Interview Transcription Work – How to Transcribe Interviews

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Find out how to transcribe interviews.

Interview transcription is typing the content of recorded interviews and converting them into text.

Many businesses, organizations, students, and individuals want a transcript of their interviews.

They conduct interviews for a variety of reasons. Interview transcripts offer several benefits:

  • They provide a written copy of a recorded interview.
  • They help quickly skim and assess the content and relevance of an interview.
  • They overcome problems with voices that are difficult to hear or understand.
  • It's easier to do computer searches for specific words and phrases from a digital text file.
  • Text provides content on a website, helps search engines index your website, and helps people find your website.

Most businesses outsource interview transcription work because it takes too long to do it themselves and they need to focus their energy on their business.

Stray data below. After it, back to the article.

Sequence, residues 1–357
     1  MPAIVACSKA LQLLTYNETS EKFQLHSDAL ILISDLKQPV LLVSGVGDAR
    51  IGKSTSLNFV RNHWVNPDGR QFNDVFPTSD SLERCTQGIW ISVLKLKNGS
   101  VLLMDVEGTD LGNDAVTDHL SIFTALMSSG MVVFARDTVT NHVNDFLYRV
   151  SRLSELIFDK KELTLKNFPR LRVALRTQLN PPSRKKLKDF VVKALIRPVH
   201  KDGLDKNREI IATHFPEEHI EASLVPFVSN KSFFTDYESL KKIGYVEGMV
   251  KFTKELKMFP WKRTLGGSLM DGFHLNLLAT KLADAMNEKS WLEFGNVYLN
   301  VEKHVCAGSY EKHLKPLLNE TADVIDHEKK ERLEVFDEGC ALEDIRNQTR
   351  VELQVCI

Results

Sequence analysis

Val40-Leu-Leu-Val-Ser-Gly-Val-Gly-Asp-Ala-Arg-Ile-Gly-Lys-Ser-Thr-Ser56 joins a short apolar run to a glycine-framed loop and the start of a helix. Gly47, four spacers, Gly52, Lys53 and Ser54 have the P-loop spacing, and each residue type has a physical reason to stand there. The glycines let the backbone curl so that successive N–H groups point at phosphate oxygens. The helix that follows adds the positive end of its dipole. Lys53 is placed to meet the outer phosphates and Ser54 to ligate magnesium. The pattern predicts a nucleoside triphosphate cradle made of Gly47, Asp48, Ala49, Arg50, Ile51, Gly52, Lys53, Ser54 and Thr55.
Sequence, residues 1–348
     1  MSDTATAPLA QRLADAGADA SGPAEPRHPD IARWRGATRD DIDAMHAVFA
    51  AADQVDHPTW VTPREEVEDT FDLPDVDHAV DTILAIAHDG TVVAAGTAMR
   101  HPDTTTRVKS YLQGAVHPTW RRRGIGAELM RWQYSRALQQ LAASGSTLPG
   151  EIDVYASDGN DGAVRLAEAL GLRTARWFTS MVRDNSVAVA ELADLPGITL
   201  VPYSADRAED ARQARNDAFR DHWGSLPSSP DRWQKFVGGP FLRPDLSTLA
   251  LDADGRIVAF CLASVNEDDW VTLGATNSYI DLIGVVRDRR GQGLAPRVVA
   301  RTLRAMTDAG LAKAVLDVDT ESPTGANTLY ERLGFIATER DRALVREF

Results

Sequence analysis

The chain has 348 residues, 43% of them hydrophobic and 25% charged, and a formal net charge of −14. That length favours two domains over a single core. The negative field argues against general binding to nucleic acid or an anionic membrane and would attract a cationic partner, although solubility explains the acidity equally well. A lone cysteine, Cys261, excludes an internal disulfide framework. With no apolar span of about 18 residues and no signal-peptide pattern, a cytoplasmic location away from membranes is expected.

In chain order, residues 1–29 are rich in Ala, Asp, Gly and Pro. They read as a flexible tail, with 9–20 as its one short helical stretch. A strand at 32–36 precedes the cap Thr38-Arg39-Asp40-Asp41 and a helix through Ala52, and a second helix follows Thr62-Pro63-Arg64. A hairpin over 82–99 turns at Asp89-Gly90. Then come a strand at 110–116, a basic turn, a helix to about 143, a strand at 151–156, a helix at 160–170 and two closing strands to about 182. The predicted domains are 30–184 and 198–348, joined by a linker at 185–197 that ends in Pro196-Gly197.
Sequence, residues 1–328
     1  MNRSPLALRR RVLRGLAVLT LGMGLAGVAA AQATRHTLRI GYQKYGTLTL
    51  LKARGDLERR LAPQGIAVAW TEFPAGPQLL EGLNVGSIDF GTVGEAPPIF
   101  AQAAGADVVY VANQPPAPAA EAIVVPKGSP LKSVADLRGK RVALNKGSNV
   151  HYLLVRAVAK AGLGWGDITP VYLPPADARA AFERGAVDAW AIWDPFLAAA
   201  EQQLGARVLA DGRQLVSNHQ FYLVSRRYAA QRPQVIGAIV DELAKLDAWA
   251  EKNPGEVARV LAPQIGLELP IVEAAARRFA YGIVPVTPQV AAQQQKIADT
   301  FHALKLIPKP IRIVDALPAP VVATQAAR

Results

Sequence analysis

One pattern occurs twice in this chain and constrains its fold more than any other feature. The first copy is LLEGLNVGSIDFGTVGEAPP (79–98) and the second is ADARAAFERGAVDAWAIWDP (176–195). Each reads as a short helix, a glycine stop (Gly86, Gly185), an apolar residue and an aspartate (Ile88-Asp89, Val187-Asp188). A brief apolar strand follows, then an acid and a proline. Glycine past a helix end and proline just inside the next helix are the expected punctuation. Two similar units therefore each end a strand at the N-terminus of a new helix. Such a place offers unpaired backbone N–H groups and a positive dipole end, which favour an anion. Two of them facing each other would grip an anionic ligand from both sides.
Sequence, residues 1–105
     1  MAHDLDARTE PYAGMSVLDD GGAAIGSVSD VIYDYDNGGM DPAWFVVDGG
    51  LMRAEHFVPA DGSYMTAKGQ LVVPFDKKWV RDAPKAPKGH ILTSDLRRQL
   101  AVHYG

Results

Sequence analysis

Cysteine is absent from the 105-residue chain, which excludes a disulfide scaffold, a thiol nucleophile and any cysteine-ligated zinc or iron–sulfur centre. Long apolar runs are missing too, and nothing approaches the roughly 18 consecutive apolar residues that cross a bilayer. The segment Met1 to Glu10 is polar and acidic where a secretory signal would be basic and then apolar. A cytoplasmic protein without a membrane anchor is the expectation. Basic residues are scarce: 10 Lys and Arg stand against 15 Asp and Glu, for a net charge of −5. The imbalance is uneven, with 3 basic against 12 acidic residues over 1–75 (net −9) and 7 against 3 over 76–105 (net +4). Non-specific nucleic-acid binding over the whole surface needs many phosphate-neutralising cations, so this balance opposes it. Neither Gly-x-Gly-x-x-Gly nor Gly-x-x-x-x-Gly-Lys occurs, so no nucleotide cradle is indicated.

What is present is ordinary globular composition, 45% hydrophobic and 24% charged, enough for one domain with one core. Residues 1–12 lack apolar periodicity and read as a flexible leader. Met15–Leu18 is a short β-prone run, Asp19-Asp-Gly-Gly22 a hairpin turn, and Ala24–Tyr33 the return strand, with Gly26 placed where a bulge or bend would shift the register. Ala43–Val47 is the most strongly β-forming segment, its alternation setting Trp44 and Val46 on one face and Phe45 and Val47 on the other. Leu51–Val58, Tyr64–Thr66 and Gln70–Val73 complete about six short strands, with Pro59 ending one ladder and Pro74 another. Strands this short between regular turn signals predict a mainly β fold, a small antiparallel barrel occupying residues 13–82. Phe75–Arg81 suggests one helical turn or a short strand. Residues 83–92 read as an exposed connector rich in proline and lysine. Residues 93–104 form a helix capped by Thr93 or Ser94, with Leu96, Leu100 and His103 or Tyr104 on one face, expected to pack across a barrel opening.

Here are some companies and people who are often outsourcing interview transcription to transcribers and transcription companies:

  • Bloggers and web publishers conduct and transcribe interviews to provide content for their blog.
  • Authors conduct interviews when doing research for their books. Transcripts help them pull pertinent information from interviews.
  • Dissertation students conduct large amounts of interviews and use interview transcripts for their research.
  • Private investigators, insurance companies, and claims adjusters conduct interviews such as claimant and witness statements.
  • Radio and television shows conduct interviews. They'll pull various clips and put them together to write a polished program.  Inserting time codes into the interviews is very helpful to search for particular audio or video clips.
  • Market research companies conduct focus group interviews to gather opinions on various topics and products.